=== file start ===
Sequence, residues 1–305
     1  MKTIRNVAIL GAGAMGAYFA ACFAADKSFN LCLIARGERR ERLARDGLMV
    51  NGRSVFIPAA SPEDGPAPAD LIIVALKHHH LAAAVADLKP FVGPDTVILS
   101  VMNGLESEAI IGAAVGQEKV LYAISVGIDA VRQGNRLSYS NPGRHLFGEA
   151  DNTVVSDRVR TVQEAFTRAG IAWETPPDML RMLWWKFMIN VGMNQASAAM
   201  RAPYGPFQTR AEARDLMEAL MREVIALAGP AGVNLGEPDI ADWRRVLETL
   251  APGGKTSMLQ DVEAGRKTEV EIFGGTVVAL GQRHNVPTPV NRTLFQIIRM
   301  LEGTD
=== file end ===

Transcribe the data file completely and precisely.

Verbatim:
Sequence, residues 1–305
     1  MKTIRNVAIL GAGAMGAYFA ACFAADKSFN LCLIARGERR ERLARDGLMV
    51  NGRSVFIPAA SPEDGPAPAD LIIVALKHHH LAAAVADLKP FVGPDTVILS
   101  VMNGLESEAI IGAAVGQEKV LYAISVGIDA VRQGNRLSYS NPGRHLFGEA
   151  DNTVVSDRVR TVQEAFTRAG IAWETPPDML RMLWWKFMIN VGMNQASAAM
   201  RAPYGPFQTR AEARDLMEAL MREVIALAGP AGVNLGEPDI ADWRRVLETL
   251  APGGKTSMLQ DVEAGRKTEV EIFGGTVVAL GQRHNVPTPV NRTLFQIIRM
   301  LEGTD